Siempre Bruja (Always a Witch), the hotly anticipated witchy time-travel series out of Colombia is finally here, and the reactions are mixed. Some viewers find the romance between Carmen, a slave, and her master’s white son to be an offensive trope. Others are excited to see a black woman as a lead in a Latin American series, which is undeniably a rare occurrence. Most are dumbfounded by Carmen’s apparent ease in transitioning to a modern Cartagena 400 years into the future without batting an eye.
In order to delve deep into the cultural nuances of Netflix and Caracol TV’s Colombian production, we reached out to a handful of critics – making sure to include Colombian and Afro-Latina voices – to write up their opinions on the ten-episode series. Read their reviews below.
–Vanessa Erazo, Remezcla Film & TV Editor
Siempre Bruja season one is currently streaming on Netflix.
The jacket copy for Yo Bruja, the Isidora Chacón novel that serves as the inspiration for Netflix’s Cartagena-set Siempre Bruja (Always a Witch) offers but the briefest sketch of a storyline: it follows a young woman who’s always felt different. She knows she’s yet another witch in a long line of strong, wise women. Yet, like many a witch in pop culture, she decides to lead a normal life. That is, until her study of petroglyphs in the Museo Nacional de Costa Rica force her to reckon with her legacy (though she chooses to run away from it and flee to Paraguay where she’ll find love and friendship). But, the synopsis asks us, will she able to run away from what’s so certainly her fate?
Compared to the bright-colored supernatural series Netflix (via Caracol Television) has conjured up, Chacón’s novel feels quite narrow. As if to up the ante and broaden her story, producers and writers chose to set their narrative back in the 17th century where a young slave witch, Carmen (the wonderful and expressive Angely Rivera) is set to burn for having bewitched her slave master’s son (but in actuality it’s really for having fallen for and beginning a relationship with him). Thinking he’s been killed she time travels to the future where she’ll learn how to return back and prevent his death. Only, the present-day world comes with its own challenges. There’s a witch hunter on the loose, there are witches eager but scared to help her, and there are endless stories about boyfriends and alcohol and Uni classes and even ghosts that keep Carmen busy as she frets about her beloved Cristóbal.
It’s hard not to wish that Siempre Bruja had dispensed with its ill-advised slave-master romance. It makes all of Carmen’s agency pivot off of her love for a white man, all the while her present-day stories have her serve as a conduit to solve problems afflicting everyone else. As charming as Rivera is, there’s very little sketched out for Carmen to do. Magical shows like this one often require some suspension of disbelief but when your time-traveling witch is somehow quite chill about all the new technology around her and not at all baffled by the changing racial dynamics she sees firsthand, one wonders whether the worldbuilding here has been shortchanged for the worst, handicapping what is an all-around promising wisp of a premise.
When the trailer of Siempre Bruja was released in January, Netflix fans were thrilled at the idea of a new series centered around an Afro-Latina woman. The show promised us an exploration of a witch who time travels from the 1600s to present-day Cartagena on a mission. The trailer did not divulge much about that mission.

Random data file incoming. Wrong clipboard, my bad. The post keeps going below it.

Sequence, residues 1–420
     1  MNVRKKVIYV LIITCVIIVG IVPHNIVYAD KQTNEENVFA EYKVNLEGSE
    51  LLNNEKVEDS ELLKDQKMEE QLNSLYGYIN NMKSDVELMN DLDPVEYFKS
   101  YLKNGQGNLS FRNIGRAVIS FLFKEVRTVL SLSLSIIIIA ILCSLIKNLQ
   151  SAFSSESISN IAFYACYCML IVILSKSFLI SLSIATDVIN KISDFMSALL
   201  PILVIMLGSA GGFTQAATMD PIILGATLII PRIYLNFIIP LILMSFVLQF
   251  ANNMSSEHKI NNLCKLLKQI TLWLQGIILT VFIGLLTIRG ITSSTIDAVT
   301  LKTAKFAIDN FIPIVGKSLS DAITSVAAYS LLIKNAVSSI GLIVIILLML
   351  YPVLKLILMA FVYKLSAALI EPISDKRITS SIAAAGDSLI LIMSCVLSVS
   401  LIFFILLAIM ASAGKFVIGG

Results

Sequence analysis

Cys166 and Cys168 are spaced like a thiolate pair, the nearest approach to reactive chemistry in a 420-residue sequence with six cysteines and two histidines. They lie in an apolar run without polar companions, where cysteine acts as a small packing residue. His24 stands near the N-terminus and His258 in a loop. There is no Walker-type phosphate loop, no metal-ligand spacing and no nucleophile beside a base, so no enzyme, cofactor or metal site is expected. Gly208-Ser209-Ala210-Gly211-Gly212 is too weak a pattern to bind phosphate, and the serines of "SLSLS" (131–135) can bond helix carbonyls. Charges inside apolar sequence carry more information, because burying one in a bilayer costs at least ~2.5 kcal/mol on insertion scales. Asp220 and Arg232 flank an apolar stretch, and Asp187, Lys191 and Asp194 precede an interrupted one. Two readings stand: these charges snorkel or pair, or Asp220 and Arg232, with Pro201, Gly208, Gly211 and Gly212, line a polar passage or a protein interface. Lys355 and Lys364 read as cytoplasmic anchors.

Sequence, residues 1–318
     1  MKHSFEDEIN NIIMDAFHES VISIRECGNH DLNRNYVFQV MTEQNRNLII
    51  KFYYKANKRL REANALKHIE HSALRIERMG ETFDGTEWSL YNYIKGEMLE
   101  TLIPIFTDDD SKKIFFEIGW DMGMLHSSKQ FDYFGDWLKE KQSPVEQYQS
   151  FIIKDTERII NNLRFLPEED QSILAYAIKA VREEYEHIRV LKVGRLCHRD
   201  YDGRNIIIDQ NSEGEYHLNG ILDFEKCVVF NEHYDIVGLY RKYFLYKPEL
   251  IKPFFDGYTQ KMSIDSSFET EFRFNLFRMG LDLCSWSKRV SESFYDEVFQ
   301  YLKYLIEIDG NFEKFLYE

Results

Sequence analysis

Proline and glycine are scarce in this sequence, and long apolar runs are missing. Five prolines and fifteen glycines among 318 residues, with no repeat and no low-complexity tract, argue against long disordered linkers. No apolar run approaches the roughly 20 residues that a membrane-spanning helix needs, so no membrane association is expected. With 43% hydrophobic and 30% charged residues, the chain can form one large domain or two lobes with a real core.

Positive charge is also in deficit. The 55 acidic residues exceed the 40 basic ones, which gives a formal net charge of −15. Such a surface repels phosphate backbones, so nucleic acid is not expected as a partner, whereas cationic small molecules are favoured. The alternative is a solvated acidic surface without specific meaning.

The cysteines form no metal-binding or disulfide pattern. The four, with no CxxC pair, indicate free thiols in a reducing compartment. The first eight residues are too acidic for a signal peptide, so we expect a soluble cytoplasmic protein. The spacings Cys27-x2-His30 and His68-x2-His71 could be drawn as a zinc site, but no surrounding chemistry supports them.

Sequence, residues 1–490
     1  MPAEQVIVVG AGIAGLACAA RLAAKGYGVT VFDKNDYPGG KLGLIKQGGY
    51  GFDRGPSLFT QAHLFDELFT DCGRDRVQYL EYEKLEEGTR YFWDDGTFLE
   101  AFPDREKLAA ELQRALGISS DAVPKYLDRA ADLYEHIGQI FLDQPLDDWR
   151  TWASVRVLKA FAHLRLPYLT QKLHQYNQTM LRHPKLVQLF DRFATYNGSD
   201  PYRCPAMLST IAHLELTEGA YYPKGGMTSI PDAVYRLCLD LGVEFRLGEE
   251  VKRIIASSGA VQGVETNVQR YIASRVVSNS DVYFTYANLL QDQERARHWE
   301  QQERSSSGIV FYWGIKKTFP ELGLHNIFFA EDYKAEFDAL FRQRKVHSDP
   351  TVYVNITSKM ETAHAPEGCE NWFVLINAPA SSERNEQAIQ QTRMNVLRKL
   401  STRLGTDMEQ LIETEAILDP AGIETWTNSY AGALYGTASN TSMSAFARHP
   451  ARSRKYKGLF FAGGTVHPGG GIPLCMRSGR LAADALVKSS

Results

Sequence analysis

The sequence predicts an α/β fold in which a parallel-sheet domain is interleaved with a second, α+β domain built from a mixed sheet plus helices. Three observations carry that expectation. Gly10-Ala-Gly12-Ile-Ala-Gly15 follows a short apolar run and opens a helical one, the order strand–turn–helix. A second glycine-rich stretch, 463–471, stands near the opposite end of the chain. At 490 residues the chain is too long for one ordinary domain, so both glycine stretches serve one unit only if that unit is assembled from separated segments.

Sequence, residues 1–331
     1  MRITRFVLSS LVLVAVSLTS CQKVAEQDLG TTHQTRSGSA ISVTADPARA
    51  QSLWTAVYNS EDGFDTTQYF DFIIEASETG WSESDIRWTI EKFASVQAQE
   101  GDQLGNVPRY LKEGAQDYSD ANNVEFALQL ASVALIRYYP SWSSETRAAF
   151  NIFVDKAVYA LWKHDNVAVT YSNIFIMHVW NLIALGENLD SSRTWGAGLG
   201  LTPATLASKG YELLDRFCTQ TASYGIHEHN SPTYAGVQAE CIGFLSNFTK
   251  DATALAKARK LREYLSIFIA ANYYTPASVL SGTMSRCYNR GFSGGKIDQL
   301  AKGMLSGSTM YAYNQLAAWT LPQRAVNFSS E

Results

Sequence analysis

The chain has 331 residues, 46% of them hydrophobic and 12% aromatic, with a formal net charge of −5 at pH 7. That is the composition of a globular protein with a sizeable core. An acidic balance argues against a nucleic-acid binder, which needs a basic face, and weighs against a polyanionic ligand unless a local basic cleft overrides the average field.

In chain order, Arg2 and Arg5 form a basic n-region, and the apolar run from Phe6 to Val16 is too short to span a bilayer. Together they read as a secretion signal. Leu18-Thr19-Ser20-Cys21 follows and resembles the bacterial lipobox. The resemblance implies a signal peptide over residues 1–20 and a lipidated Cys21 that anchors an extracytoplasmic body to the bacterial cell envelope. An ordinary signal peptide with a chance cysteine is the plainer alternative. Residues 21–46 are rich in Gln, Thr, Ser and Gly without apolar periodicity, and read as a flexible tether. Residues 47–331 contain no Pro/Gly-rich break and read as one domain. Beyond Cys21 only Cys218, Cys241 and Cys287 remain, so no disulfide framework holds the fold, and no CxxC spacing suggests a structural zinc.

Starring Angely Gaviria (as Carmen), the ten-episode series focuses on Carmen’s relationship with her slave master’s son. Her goal: to return to her old life with Cristóbal as a slave, despite being an unrestrained woman in the present-day.
In the first episode, Carmen is auctioned off as a “sweet virgin.” Her providential buyer, the son of a slave master. Cristóbal and Carmen begin their love affair. Carmen has secret encounters with her lover, and even deliberately places a flower in her hair, as her life insinuates no worries.
Cristóbal’s mother incriminates Carmen. Cristóbal is shot. While awaiting sentencing, Carmen agrees to travel to the future to help a wizard, in exchange for the one thing she desires, going back to Cristóbal. Carmen is not concerned with her freedom.
As we delve deeper into the series, we recognize that Carmen’s story arc is not the only one reliant on her relationship. Her friends, Alicia and Mayte, also have storylines that mostly revolve around the men in their lives.
Newcomer, Dylan Fuentes is one of the few redemptive characters of the series. Johnny Ki (Fuentes) is charming and appends a vulnerability that is refreshing in the midst of this thoughtless storyline. He desperately wants to help Carmen. She, however, is so focused on recouping her old life that she never addresses the reality of those circumstances.
There’s hardly any discussion about the pain and trauma black men and women endured in the 1600s. Noticeably, there are also many Afro-Latino male characters missing from the narrative. While we certainly want to see more opportunities for Afro-Latinos, we have to challenge how these projects impact us long-term and accept when we just don’t get it right.
Siempre Bruja presented an opportunity to educate and enlighten audiences of the history connecting Latin American communities to our African history. However, the series managed to do quite the opposite. The initiative to increase representation for Afro-Latinas took an unfortunate step back with this slave romance.
–Jaleesa Lashay Diaz
Earlier this year, Netflix announced a series hailing from Colombia titled Siempre Bruja. Now, there’s an apparent cultural divide between African-American expectations and Afro-Latino enjoyment. At the center of the heated debate was the plot. Carmen, the protagonist, played by up and coming Afro-Colombiana Angely Gaviria is a witch that propels into the future to save her boyfriend.
Let’s unpack some things here. Carmen’s love interest Cristóbal is the son of the slave owner. He never regarded her as a slave but navigated as best they could under the restrictions of the 1600s. This series is loosely based on a novel by Isidora Chacó. It’s a telenovela. Novelas are loose with reality and more focused on entertainment. This show is also part of a deal between Netflix and local Colombian content creators. The truth is that roles for Afro-Colombians are few and far between especially starring ones. Siempre Bruja wasn’t intended to represent black culture but just a series starring a black woman.